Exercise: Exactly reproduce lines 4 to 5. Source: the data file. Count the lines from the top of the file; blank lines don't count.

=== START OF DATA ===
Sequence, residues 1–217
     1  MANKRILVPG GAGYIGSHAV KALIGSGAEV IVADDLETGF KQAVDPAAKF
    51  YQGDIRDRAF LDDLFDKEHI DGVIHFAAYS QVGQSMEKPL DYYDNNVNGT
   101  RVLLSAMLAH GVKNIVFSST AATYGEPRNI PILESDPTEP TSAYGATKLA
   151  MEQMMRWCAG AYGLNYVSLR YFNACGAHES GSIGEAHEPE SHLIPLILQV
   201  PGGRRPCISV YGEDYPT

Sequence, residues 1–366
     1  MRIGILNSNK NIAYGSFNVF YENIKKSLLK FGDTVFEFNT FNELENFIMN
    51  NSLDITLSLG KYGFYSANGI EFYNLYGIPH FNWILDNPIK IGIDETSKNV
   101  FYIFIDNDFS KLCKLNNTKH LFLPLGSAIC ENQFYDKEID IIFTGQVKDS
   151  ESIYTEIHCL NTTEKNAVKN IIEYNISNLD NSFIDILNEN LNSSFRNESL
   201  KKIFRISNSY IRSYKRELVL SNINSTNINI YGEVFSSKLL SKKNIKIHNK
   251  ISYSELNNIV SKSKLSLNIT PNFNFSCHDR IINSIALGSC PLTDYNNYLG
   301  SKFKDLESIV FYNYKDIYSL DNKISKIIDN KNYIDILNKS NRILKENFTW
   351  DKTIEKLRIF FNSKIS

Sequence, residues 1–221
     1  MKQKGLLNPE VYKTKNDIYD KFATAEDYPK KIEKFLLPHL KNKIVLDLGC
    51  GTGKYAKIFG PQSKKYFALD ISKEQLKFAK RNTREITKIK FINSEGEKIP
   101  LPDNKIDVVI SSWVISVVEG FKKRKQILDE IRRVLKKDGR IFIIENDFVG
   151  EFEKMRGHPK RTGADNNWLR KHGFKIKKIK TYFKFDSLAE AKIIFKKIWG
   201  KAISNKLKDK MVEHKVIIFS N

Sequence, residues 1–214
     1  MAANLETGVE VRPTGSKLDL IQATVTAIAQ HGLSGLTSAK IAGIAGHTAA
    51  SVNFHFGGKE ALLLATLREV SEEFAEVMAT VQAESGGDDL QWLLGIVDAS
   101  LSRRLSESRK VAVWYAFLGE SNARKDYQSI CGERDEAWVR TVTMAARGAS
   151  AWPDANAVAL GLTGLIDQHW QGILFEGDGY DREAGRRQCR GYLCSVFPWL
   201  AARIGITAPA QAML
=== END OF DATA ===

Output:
   101  RVLLSAMLAH GVKNIVFSST AATYGEPRNI PILESDPTEP TSAYGATKLA
   151  MEQMMRWCAG AYGLNYVSLR YFNACGAHES GSIGEAHEPE SHLIPLILQV